You have a great idea for a business, and you have found someone who is willing to join you in your venture. Perhaps your potential partner is someone you have known for years, someone you recently met at a conference or someone who saw your profile on a job networking site.
The two of you may share the same vision for the future of your business, and you are eager to get started. However, before you take any steps forward, you have some difficult questions to answer.
You may have heard that a business partnership is a lot like a marriage. If you team up with the wrong person, whether a spouse or a business partner, you may be in for years of struggle and the potential for financial ruin. This is why it is as wise to get to know your potential partner as it is to learn about your future spouse. While it may feel awkward or uncomfortable, taking these steps may help you avoid a business partnership that is doomed before it starts:
- Treat your future partner with the scrutiny you would use on a potential employee even if he or she is a lifelong friend.
- Run a credit check or ask your candidate to share a free credit report with you, and read it as if he or she were asking for a loan.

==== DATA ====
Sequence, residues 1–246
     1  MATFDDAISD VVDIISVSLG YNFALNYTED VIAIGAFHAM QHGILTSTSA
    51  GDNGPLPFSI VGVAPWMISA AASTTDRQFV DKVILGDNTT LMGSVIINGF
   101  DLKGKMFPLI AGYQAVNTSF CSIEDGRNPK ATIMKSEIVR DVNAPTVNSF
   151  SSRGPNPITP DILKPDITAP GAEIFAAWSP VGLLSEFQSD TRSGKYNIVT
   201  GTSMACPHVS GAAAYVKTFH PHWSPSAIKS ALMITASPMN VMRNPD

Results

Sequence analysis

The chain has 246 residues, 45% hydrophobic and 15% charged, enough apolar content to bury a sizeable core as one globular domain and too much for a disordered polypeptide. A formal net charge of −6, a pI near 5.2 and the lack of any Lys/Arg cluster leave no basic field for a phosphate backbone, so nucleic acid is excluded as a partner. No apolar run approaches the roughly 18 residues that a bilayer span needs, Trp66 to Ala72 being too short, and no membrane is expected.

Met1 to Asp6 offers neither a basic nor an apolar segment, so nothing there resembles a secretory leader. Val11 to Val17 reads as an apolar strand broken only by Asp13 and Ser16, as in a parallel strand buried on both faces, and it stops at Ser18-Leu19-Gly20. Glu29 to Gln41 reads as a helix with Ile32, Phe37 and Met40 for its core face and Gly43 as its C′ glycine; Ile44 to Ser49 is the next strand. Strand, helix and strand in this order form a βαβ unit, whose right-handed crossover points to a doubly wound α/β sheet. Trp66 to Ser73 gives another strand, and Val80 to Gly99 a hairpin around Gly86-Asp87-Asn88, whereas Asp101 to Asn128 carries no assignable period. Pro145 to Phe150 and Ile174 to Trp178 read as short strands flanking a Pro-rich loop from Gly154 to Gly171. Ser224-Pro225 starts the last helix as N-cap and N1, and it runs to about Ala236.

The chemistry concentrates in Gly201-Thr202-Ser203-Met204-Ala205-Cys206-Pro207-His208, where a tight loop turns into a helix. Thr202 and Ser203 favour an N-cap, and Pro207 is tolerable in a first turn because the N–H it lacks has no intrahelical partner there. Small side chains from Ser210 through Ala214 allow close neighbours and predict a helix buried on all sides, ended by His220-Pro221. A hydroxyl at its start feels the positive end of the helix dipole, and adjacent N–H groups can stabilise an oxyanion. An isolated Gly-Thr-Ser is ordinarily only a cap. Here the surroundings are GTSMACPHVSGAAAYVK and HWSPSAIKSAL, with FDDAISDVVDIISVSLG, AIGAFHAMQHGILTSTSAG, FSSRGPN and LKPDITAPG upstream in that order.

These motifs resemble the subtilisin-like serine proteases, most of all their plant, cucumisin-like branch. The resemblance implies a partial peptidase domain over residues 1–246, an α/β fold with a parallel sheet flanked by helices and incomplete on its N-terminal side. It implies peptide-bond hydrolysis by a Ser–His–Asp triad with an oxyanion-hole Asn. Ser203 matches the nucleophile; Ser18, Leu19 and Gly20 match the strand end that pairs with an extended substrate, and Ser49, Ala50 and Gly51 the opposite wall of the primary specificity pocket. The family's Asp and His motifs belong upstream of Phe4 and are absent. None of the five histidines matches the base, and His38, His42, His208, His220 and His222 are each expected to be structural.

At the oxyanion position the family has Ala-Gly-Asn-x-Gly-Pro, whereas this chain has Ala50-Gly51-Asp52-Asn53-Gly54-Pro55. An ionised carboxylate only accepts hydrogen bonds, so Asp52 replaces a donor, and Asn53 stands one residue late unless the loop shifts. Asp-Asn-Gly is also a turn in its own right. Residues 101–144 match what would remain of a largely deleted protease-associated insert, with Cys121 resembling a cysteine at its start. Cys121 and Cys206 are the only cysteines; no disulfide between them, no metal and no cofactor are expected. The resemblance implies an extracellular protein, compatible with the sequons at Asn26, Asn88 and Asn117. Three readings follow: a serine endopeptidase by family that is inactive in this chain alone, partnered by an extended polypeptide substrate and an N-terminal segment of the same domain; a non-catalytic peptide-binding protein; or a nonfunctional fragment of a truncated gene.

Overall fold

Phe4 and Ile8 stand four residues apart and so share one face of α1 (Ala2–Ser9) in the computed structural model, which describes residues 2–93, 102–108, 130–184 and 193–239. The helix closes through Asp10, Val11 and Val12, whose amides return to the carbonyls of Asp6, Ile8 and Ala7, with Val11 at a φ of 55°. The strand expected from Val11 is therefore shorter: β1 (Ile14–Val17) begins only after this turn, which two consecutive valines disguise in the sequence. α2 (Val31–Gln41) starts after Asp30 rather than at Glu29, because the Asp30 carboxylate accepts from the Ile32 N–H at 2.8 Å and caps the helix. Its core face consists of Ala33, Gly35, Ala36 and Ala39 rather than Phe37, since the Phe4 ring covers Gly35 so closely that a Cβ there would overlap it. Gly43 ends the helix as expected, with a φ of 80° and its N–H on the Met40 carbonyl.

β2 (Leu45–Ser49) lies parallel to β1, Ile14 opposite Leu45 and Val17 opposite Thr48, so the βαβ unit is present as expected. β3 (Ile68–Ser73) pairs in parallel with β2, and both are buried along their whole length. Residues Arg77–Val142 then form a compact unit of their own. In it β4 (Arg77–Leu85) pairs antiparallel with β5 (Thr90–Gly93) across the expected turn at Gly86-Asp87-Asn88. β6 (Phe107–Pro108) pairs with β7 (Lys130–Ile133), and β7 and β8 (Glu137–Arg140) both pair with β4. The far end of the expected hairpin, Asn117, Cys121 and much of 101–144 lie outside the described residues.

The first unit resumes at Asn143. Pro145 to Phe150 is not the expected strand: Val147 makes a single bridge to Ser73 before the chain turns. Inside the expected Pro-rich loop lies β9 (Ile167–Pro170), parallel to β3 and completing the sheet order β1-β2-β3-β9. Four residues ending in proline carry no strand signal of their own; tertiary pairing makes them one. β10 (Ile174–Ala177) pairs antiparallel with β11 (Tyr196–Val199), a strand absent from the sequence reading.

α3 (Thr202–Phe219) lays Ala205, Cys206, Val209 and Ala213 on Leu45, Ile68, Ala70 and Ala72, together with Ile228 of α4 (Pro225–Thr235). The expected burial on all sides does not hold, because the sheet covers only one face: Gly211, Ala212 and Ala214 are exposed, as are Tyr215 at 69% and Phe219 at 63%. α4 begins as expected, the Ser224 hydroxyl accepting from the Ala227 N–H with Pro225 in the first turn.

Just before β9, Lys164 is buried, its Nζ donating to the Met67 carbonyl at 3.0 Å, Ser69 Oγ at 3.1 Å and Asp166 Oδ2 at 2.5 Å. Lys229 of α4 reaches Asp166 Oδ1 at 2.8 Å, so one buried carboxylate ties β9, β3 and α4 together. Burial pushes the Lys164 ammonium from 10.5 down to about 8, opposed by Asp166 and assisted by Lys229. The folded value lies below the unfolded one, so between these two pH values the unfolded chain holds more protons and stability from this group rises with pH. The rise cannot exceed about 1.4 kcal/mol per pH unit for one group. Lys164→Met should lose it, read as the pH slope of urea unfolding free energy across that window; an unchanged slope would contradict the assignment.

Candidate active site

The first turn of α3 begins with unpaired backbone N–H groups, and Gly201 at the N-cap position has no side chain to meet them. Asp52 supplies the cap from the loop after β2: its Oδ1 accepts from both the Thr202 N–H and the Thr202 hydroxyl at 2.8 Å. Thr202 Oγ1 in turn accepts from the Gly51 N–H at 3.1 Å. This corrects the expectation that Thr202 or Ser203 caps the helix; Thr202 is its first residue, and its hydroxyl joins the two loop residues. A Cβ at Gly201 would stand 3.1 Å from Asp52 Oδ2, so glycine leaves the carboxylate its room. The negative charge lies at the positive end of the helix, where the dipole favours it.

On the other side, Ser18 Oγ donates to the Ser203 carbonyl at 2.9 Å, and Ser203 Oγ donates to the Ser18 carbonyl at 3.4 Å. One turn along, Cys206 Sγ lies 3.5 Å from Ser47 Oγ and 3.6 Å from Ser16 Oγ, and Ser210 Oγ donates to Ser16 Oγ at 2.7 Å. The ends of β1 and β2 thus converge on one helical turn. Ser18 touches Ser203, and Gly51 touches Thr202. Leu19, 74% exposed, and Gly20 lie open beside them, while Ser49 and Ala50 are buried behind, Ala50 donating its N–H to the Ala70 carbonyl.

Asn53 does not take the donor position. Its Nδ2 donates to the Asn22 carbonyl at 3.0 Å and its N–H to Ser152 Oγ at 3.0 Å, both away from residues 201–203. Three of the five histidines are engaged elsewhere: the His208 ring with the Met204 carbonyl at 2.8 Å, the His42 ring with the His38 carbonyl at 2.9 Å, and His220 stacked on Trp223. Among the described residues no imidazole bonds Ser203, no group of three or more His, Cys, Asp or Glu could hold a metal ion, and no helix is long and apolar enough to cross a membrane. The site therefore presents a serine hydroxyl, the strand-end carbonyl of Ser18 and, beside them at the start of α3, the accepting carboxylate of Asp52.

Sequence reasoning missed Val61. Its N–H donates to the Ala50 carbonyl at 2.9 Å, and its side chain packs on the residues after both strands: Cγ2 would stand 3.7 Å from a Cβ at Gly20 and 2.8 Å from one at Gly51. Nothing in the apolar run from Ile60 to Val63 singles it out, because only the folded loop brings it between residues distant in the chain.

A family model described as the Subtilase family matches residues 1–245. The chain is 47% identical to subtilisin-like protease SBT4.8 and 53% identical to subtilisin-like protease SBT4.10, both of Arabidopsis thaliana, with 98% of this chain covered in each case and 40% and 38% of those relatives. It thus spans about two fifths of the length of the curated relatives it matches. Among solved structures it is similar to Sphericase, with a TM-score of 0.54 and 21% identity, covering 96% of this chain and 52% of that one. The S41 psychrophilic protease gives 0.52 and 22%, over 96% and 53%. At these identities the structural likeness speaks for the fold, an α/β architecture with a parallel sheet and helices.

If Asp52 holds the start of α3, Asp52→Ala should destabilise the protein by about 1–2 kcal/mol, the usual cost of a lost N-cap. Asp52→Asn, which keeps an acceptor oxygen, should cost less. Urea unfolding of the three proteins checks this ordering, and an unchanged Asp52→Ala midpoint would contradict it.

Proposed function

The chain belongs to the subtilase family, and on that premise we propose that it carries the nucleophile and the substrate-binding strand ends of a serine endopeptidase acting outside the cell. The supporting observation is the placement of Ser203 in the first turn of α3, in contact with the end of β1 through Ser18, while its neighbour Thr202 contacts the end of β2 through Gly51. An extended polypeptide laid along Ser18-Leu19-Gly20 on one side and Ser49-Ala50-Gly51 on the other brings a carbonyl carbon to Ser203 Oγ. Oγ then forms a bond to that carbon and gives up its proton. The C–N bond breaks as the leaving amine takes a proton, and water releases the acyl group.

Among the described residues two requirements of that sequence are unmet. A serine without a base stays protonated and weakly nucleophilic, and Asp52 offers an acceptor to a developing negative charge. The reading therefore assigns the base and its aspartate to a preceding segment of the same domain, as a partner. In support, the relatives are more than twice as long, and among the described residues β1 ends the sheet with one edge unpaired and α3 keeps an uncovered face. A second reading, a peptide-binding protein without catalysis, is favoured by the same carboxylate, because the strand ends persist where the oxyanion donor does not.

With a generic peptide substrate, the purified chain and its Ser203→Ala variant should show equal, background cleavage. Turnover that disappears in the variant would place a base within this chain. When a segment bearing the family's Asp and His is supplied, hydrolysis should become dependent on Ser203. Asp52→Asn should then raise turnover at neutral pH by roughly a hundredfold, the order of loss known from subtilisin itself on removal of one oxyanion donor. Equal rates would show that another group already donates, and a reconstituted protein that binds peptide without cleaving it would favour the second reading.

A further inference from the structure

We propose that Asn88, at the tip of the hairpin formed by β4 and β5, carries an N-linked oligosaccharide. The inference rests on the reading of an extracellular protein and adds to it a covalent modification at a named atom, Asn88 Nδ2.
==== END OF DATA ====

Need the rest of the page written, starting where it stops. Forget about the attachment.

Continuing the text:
- Obtain credit information on your partner's current business if there is one.
- Ask your potential partner for a list of people to whom you can reach out for references, and contact those people for information about past businesses or difficulties working with your potential partner.
- Use social media to see if your partner's online presence raises any red flags that may jeopardize the image or success of your business.
- See if your potential partner is willing to submit to a personality test that you can compare with your own results to determine compatibility.
Of course, you should be willing to share any of this information with your potential partner in the name of full disclosure. If everything checks out and you both feel comfortable starting a business together, you will want to draft a solid and comprehensive partnership agreement that covers as many contingencies as you can, including a mutually agreeable exit strategy. For guidance in building your partnership, protecting your business and resolving disputes, you can reach out to a skilled California business law attorney.